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In the City by the Sea by Kamila Shamsie

In the City by the Sea

by Kamila Shamsie

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In a mad scramble to read as much Shamsie as I could before reviewing her latest novel I managed to inhale one of her earliest novels. I have to admit, I didn't love it - the writing felt a little whimsical for the subject - a young boy in Karachi witnesses the death of a neighbor shortly before his uncle is put under house arrest. Still, it has many elements that Shamsie continued to use in her novels - smart, verbally sophisticated characters, a solid sense of place, an understanding of history, the bonds of family life and the way politics can infiltrate everything. I am very glad I read this. ( )
  laurenbufferd | Jun 21, 2017 |
The story was a little too all over the place, and the neither the plot nor the characters really drew me into the book. The characters are too witty, always making clever remarks and word jokes, and the whole book just didn't come together for me.
  csoki637 | Nov 27, 2016 |
Hasan is an ordinary 11 year boy who loves cricket, has an active imagination and is part of a close and supportive family. His mother is an accomplished artist, his father a lawyer, and his uncle Salman is the democratic rival of the President and his repressive military regime.

Hasan and his family, and the rest of the inhabitants of this unnamed Pakistani city, must live with civil strikes and the resultant days off school and work, curfews and political unrest.

Hasan and his best friend and neighbour Zehra are intelligent, observant children and make a charming pair - Hasan is imaginative and Zehra wise beyond her years. Through the eyes of these two we witness the growing political tensions, the house arrest of Salman and his eventual imprisonment for treason. We also see the effect Salman’s imprisonment has on his family, but particularly on Hasan, who adores his uncle.

In The City By The Sea is the debut novel by Kamila Shamsie. Her slightly eccentric minor characters The Oldest Man and The Widow provided plenty of smiles while dispensing their own brand of philosophy on life. The strong, mature child protagonists like those of her later book Kartography are here again. And like Kartography, given the maturity of the observations the main characters make, I find it a little difficult to keep in mind Hasan and Zehra’s age, but this is a beautifully and vividly written book with witty humour and creative imaginings throughout. ( )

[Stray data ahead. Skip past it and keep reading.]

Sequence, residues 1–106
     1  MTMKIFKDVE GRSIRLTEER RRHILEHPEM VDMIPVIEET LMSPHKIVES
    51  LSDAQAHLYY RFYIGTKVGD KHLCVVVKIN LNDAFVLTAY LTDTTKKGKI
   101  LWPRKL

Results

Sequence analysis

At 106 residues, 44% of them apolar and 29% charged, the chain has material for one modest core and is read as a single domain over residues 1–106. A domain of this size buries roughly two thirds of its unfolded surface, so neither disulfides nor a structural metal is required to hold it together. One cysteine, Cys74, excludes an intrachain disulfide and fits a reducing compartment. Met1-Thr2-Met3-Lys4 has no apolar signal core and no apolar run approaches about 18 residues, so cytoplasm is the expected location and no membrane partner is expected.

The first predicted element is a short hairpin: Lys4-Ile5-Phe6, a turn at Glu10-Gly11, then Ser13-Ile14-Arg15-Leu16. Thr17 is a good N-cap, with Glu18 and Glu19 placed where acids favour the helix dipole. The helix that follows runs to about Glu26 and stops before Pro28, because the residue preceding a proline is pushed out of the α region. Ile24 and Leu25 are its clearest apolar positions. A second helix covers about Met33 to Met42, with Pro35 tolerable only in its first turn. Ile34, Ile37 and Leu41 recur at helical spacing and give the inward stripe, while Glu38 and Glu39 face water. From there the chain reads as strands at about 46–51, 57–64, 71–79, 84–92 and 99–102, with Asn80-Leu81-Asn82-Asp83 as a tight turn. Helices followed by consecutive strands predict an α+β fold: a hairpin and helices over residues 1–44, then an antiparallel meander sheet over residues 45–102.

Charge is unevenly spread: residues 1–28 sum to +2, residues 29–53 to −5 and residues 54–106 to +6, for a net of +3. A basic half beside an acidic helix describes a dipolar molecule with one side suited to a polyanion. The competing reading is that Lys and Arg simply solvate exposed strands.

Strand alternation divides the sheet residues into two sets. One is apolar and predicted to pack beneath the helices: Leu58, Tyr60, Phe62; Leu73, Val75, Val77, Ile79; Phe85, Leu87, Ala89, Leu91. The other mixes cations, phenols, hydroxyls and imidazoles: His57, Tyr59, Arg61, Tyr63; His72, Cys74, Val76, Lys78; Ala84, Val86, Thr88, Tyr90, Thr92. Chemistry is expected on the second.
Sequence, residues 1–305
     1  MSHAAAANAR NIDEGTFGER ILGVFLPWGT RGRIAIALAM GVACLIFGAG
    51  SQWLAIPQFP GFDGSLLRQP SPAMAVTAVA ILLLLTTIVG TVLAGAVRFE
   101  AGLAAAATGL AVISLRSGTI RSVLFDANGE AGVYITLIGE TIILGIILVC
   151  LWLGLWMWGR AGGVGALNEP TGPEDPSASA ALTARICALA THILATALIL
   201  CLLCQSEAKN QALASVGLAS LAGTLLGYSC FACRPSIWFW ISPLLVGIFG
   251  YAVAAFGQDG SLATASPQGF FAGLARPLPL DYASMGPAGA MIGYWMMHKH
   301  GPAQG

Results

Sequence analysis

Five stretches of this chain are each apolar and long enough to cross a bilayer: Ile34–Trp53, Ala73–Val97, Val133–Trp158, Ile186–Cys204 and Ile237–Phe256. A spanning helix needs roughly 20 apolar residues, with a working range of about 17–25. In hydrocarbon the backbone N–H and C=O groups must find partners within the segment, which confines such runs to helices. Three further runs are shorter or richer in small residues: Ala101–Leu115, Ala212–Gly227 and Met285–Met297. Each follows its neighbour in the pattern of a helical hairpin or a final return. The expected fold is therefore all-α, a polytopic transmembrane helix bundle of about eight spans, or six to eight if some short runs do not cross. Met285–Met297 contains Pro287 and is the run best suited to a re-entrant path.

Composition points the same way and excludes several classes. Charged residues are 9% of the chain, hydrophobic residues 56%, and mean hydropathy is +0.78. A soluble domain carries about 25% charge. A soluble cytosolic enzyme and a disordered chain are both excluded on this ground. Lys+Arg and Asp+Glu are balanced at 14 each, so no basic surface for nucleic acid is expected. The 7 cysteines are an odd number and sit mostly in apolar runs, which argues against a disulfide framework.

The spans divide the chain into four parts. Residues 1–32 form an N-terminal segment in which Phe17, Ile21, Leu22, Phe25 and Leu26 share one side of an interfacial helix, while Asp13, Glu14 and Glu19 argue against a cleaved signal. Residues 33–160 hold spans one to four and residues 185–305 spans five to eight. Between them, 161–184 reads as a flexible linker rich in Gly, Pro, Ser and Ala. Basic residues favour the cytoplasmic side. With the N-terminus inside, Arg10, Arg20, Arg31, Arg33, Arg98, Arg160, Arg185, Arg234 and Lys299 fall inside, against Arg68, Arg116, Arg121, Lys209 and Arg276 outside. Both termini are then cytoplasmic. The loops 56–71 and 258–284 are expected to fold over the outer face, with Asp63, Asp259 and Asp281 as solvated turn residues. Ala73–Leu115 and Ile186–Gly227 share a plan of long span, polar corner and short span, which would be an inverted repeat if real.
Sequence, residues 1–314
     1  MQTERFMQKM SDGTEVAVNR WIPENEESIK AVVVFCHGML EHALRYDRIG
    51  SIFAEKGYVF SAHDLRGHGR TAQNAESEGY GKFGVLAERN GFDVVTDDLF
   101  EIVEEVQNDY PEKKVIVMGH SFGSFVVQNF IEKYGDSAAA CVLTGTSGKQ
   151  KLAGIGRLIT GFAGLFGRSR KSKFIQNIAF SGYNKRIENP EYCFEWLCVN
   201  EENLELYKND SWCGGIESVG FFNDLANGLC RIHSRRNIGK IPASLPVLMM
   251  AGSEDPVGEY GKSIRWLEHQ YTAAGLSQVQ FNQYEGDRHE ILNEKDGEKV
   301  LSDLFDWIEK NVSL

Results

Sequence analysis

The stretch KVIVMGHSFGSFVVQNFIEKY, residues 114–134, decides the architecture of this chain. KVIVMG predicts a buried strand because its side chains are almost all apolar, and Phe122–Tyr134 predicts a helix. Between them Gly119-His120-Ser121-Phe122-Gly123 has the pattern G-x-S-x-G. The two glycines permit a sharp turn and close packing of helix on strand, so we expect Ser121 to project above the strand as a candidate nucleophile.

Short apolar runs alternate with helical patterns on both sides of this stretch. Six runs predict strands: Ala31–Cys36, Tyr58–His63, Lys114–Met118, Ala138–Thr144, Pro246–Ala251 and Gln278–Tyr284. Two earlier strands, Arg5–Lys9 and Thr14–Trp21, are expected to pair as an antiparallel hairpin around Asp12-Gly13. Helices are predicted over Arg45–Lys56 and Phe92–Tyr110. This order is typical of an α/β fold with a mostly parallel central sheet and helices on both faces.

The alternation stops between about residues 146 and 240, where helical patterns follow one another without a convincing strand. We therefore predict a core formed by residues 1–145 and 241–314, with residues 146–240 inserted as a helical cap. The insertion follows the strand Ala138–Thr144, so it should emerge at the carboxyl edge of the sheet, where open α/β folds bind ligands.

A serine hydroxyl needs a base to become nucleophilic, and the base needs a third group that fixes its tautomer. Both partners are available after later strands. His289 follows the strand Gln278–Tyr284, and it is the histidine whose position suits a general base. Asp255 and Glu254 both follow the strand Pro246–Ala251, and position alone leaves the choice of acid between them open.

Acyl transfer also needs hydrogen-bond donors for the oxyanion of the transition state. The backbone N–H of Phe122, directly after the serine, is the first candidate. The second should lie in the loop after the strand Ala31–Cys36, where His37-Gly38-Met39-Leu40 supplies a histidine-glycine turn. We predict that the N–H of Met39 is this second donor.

SouthernKiwi | Jun 25, 2011 |
The protagonist of this charming coming-of-age debut novel is 11-year-old Hasan. He is an adored only child, who completes the circle of love at home, where he lives with his vibrant, artistic mother (whom he refers to as Ami) and his intelligent word-loving father, Aba.

The book is set in an unnamed city – probably Karachi – ruled by an oppressive military regime. Besides his adoration of his parents, Hasan also adores his maternal uncle, Salman Mamoo, who is a politician under house-arrest. As the novel progresses, the seemingly interminable (to Hasan) house arrest ends but things become worse; uncle Salman is taken to prison on a charge of treason. This depressing turn of events is a huge disappointment for the close-knit family.

Hasan is an astute boy who is obsessed with finding a way to help his uncle. He also has a great sense of imagination and escapes into his own fantasy world, as a means of coping, when things become unbearable.

Pakistani-born Shamsie is extremely articulate and I really enjoyed the warmth of this family, and the resourceful, mature Hasan. This was a light and enjoyable read.

An excerpt: “There was the laugh. Hasan watched the backward flip of Aba’s head and the dimples in his cheeks like full-stops marking an end to all unpleasantness, and thought, not for the first time, that he would give up all his outward resemblance to Ami and Salman Mamoo if he could only inherit Aba’s laugh. Yes, he would even give up the promise of high cheekbones.”
1 vote akeela | Dec 25, 2009 |
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Amazon.com Product Description (ISBN 0747571643, Paperback)

Hasan is eleven years old. He loves cricket, pomegranates, the night sky, his clever, vibrant artistic mother and his etymologically obsessed lawyer father, and he adores his next-door neighbour Zehra. One early summer morning, while lazing happily on the roof, Hasan watches a young boy flying a yellow kite fall to his death. Soon after, Hasan's idyllic, sheltered family life is shattered when his beloved uncle Salman, a dissenting politician, is arrested and charged with treason. Set in a land ruled by an oppresive military regime, this eloquent, charming and quietly political novel vividly recreates the confusing world of a young boy on the edge of adulthood, and beautifully illustrates the transformative power of the imagination.

(retrieved from Amazon Thu, 12 Mar 2015 18:11:59 -0400)

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